Home Tour: A Glimpse Of Hannah Cecil Gurney's Fanciful Battersea Home
For five years now, Hannah Cecil Gurney—the daughter of Claud Cecil, the man behind the handmade wallpaper company, de Gournay—has been living in a 190sqm home with her husband Eddie Harden, their children and their dog. The property, situated a stone’s throw away from attersea Park and Gurney’s workplace, is a perfect fit for her growing family. “[We] had outgrown our small flat in South Kensington,” she tells us why they decided to move to a new house. While she and her husband adore the location of their flat in South Kensington, they feel the place is not practical for raising children and keeping dogs. “We needed more space and we wanted to be in a quieter residential neighbourhood. South Kensington has a lot of hustle and bustle. Battersea is calm and relaxed but also close to Chelsea where I work and where my husband and I love to hang out with friends,” she says.
The family moved into the Victorian-era house they bought without changing anything. They were simply excited to have more space, something they did not have living in a flat. “We didn’t care that no renovation or decoration had been done. We were in no rush and we had the rare luxury of time. Because I work in the Interiors world, I was full of ideas for how I wanted to decorate my home. I was also excited to try and do it myself and get some insight into being on the other side of the equation,” Gurney says, confessing that she would have been “a nightmare to work with”. By the time she started the renovations, the family had lived in the house for a couple of years. “Spending time with the house first gave my family and I such clarity with regards to what needed changing and what did not. We knew our routines and how we used the space to suit us perfectly. Once I started decorating, answering only to myself meant I could change course and redirect the creative as many times as I wanted… [It was] dangerous but liberating! The result was a mad rush of colour and vibrancy—a reflection of my character in some ways and a reflection of how I want my home to make me and others feel: happy and uplifted,” she admits. As an advice to those who would like to decorate or renovate their homes themselves, she says, “Design it to fit you like a glove. You want to walk in through your front door and feel like the interior is welcoming you. My tip, where possible, would be to experience a space as much as possible before finalising how you want to decorate it. As you get to know a space, your feelings about how it should be renovated are likely to change.”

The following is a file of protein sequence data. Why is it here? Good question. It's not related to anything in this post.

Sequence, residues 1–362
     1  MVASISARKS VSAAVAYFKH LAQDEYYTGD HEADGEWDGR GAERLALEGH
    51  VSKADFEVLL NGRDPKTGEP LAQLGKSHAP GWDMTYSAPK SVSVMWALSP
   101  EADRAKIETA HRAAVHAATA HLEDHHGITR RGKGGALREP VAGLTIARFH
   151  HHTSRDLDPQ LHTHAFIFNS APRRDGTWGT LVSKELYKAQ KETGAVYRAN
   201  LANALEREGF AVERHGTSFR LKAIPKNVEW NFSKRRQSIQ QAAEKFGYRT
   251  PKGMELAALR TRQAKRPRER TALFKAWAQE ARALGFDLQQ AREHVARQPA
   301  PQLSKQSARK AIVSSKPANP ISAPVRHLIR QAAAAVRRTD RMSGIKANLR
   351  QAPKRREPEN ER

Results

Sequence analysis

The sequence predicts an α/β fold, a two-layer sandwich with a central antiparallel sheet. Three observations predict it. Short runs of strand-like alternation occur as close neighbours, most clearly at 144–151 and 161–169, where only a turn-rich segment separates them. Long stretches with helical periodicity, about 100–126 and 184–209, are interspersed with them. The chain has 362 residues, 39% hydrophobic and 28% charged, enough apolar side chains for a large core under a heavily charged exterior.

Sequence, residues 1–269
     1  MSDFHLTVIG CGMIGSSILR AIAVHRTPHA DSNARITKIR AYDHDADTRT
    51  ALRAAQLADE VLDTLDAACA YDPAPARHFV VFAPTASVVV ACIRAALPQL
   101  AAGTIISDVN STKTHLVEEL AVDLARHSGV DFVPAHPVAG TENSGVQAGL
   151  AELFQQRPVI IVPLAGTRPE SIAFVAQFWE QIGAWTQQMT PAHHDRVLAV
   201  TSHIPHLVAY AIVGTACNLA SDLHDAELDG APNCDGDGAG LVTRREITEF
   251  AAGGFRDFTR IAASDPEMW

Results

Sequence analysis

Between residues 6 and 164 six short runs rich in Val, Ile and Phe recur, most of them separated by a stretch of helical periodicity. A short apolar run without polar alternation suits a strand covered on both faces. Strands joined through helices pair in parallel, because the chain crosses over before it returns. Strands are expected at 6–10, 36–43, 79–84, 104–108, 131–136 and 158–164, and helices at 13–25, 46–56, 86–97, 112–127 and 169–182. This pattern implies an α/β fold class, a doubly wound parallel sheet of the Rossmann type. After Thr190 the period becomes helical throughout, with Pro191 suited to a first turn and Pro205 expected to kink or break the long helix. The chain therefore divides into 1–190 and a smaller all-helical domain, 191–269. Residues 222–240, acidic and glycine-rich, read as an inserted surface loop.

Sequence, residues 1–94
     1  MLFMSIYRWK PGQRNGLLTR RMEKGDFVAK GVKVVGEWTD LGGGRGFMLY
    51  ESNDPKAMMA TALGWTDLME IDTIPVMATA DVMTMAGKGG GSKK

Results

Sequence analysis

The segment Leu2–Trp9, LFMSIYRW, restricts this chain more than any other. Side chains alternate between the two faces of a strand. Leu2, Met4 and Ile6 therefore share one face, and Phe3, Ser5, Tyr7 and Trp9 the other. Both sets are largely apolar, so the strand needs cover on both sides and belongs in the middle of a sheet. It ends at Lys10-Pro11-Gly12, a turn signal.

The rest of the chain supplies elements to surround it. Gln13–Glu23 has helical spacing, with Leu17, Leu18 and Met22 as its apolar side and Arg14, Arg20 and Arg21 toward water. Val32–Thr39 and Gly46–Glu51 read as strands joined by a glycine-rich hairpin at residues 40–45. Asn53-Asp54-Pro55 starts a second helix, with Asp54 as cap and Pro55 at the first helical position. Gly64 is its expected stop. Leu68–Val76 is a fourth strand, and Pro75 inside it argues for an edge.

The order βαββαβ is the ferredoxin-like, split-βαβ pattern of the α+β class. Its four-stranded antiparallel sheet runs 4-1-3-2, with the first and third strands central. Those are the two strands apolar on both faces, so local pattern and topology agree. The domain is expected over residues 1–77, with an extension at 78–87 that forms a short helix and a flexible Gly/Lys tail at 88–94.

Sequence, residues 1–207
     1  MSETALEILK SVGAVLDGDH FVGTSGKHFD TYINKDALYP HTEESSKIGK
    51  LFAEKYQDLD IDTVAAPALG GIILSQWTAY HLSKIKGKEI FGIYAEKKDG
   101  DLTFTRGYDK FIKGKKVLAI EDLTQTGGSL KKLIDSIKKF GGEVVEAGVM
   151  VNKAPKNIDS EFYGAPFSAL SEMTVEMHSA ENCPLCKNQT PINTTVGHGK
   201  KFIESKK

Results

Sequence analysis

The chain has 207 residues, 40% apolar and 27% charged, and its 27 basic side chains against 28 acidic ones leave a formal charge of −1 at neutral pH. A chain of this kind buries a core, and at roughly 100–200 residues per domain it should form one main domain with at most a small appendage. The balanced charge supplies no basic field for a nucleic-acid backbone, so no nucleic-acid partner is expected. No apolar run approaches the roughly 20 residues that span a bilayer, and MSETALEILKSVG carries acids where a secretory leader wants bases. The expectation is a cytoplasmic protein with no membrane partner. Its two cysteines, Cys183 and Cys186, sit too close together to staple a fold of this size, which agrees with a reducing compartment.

Entering the home is like being transported to Coco Chanel’s iconic Parisienne apartment. The entrance leads straight to the living room, which has walls covered in de Gournay’s Coco Coromandel wallpaper in dark brown hues reminiscent of the French fashion designer’s famous screen collection. “Even with the dark brown [colour] on the wall, the room [still] feels light and bright. The chalky white design and apricot accents keep it bright and happy,” says Gurney, adding that wall-covering allows one to envelop and dress the room, thereby completely transforming it into whatever character one wants it to be. “Wall-covering creates an entire mood within a room that a single piece of furniture does not have the power to do on its own,” she explains.